JUNEAU, Alaska — Gov. Bill Walker’s administration began making its case for why the state should buy out one of its partners in a proposed liquefied natural gas project as legislators opened a special session on the issue Saturday.
A decision on whether to buyout TransCanada Corp. and approve buyout-related costs is all that remains on the agenda after Walker announced Friday that he was pulling the other agenda item — a gas reserves tax — after receiving written assurances from two of the state’s producer-partners, BP and ConocoPhillips, that they would be willing to make gas available to a gas project if they are not participating. Terms still must be finalized.
Walker said he hoped the remaining producer partner, Exxon Mobil Corp., would make a similar commitment.
Saturday began with an overview briefing by the administration and consultants on gas project-related issues, with the administration arguing that a buyout of TransCanada would give the state a greater say in the project.
The House Finance Committee held its first hearing on the proposal Saturday afternoon.
As a candidate last year, Walker was critical of the process under which the state was pursuing the project with BP, Exxon Mobil, ConocoPhillips, TransCanada and the Alaska Gasline Development Corp.
Under the arrangement, TransCanada would hold the state’s interest in the pipeline and gas treatment plant. The state can exercise an option by year’s end to buy a portion of that interest, but Walker wants a full buyout, in which case the state would reimburse the company for its development costs, plus 7.1 percent interest.
Walker’s bill seeks about $158 million in buyout- and project-related costs, including $13.6 million for state agency work on the project.
While a buyout could mean higher investment costs for the state of $7 billion to $8 billion, Alaska could get to up to $400 million more a year in cash flows during operation based on an expectation that the state could finance cheaper than TransCanada, legislators, aides and others were told during the overview by Deepa Poduval, with consultant Black and Veatch, which is working with the administration.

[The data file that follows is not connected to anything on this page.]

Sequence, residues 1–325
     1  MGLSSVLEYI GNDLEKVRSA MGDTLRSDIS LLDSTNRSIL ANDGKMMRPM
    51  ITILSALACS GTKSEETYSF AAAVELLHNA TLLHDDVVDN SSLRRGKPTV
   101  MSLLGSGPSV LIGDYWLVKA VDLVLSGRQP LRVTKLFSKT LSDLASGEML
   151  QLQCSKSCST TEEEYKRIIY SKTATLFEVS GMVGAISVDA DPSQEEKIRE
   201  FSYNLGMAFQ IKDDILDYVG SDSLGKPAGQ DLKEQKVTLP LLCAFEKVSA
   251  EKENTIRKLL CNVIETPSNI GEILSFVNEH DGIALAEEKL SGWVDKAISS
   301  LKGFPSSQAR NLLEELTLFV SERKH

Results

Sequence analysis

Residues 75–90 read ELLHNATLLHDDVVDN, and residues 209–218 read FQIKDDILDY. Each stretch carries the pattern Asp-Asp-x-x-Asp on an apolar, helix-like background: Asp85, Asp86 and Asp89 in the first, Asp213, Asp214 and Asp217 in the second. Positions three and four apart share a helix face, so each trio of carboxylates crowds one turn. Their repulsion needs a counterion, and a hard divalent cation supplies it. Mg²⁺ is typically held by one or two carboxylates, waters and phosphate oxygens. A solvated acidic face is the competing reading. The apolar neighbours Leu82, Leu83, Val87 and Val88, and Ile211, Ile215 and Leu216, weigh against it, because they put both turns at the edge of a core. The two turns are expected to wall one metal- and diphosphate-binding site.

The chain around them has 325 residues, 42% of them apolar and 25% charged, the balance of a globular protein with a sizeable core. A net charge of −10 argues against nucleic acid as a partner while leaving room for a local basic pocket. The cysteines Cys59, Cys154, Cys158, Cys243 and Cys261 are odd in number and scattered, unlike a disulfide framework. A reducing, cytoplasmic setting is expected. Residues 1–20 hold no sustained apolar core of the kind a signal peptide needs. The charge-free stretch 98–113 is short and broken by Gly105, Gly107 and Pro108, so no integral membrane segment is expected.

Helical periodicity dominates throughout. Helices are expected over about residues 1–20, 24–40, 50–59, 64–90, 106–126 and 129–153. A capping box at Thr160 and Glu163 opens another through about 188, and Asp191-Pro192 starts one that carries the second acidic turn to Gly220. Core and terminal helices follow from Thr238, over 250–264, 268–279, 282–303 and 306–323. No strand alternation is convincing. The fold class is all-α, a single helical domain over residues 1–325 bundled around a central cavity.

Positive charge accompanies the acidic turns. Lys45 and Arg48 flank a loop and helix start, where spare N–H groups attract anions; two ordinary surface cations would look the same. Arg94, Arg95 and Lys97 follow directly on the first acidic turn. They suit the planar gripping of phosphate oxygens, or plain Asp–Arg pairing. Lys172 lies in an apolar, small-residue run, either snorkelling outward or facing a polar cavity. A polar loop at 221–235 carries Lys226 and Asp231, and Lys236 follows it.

During legislative debate surrounding the pipeline project in 2014, TransCanada’s involvement was cast as a way for the state to not have to bear as much in upfront costs. It also gave the state and TransCanada a way out of a prior, failed gas line arrangement without a messy fight.
Senate Minority Leader Berta Gardner, D-Anchorage, said TransCanada effectively is acting as a banker under the arrangement. In fiscal terms, she said she doesn’t see a downside at this point to buying their position out.
Republican legislative leaders said they need to better understand the implications of any buy out and the assumptions used by the administration.
The Legislature has its own consultants that will help review the administration’s proposal.
Senate Finance Committee co-chair Anna MacKinnon, R-Eagle River, said the Legislature has to look at such things as whether this would advance a pipeline and how the state will pay for its share of the financial obligation.
House Speaker Mike Chenault, R-Nikiski, said the Legislature needs to make sure the decision made is sound for business, “because if it’s not, it puts Alaska in more jeopardy than what we currently are in.”
Alaska is grappling with multibillion-dollar deficits amid low oil prices.
The long hoped-for gas line is seen as key to Alaska’s future fiscal fortunes.